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SGT. SHAFT: Estranged widow can be buried with veteran
Question of the Day
Dear Sgt. Shaft:
My husband is buried at the RIverside National Cemetery. He died, April 25, 1987, and was interred May 12, 1987. What are the requirements for spouse burial?
Due to his alcoholism and abuse we were separated at the time of his death but not divorced. Thanks to his lack of financial support for his family and his alcoholic expenditures, retirement savings were impossible.
I live on my Social Security and am concerned about final expenses.
Via the Internet
Surviving spouses are eligible for burial with their veteran husband or wife. Divorced spouses or spouses who had their marriage annulled are ineligible. The rules do not address separation, so she was legally married to the veteran at the time of his death, and she is indeed eligible for burial at a national cemetery.
• The U.S. House of Representatives recently passed the Veterans Fiduciary Reform and Honoring Noble Service Act (H.R. 5948), which includes language sponsored by Rep. Gus Bilirakis, Florida Republican and vice-chairman of the Veterans’ Affairs Committee, to ensure that our nation’s veterans receive proper burial in the absence of next of kin or adequate finances.
“Our nation’s heroes deserve to be buried the same way they served this country — with dignity and honor. By ensuring our veterans receive proper burial upon their passing, we are not only recognizing their brave service to our country, but also the selfless sacrifices our service men and women and their families make to protect the freedoms and values we enjoy as citizens of this great country.”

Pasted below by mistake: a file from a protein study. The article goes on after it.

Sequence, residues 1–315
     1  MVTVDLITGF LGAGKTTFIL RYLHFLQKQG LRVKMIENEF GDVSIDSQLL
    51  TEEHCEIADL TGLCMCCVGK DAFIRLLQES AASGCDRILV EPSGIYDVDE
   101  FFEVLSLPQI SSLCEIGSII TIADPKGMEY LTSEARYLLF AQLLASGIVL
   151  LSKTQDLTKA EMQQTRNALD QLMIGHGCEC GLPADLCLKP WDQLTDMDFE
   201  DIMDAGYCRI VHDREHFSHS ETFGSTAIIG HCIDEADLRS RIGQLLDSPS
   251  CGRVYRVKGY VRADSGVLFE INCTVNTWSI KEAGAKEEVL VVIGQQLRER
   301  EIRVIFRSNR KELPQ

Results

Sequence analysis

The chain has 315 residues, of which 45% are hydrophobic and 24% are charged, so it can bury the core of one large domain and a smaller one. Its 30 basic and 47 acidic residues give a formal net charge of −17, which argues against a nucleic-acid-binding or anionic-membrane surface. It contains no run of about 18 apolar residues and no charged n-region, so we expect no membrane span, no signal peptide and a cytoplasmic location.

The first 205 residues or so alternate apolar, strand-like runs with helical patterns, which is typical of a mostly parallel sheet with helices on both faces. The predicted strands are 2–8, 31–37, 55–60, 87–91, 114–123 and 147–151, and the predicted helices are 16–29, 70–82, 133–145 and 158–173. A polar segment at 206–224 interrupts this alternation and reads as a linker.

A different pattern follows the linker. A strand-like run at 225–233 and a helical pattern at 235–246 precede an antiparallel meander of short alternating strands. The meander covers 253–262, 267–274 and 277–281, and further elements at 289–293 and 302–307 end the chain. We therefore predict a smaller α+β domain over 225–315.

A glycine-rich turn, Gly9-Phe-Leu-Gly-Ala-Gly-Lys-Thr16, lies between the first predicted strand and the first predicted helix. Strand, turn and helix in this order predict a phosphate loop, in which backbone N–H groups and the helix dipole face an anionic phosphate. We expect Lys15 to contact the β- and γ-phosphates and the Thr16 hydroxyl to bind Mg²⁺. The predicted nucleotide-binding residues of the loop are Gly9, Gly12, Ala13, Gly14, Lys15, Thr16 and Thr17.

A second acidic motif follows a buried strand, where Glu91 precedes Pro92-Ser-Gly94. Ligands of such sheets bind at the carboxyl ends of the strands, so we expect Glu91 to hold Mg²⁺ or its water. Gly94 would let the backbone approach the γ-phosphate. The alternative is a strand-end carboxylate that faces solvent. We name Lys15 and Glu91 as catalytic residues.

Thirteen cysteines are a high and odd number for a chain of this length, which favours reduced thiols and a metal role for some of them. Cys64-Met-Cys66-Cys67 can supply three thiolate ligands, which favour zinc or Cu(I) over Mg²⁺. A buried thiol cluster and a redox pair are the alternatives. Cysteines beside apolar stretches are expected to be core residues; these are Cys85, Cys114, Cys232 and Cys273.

The language was proposed by Mr. Bilirakis after it was discovered that Pvt. Lawrence Davis Jr., a World War II veteran with no next of kin, was buried in a cardboard box at Florida National Cemetery in Bushnell, Fla.
In addition to providing for the proper burial of veterans, the Veterans Fiduciary Reform and Honoring Noble Service Act would require the VA to perform credit and criminal background checks for each fiduciary it appoints, establish an appeals process so that a veteran can appeal should he or she lose confidence in a VA-appointed fiduciary, and allow veterans to appeal their status of financial incompetence.
The VA’s Fiduciary Program serves the needs of veterans who are deemed financially incompetent to manage their financial affairs.
Lack of oversight of the VA’s Fiduciary Program has resulted in veterans being denied access to their benefits, veterans and their families having their power turned off after the fiduciary failed to pay the bill, and millions of dollars being stolen from veterans by fiduciaries. For too long, VA fiduciaries have abused the system and subverted the rights of the veterans they were entrusted to protect, in some cases for personal gain.
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About the Author
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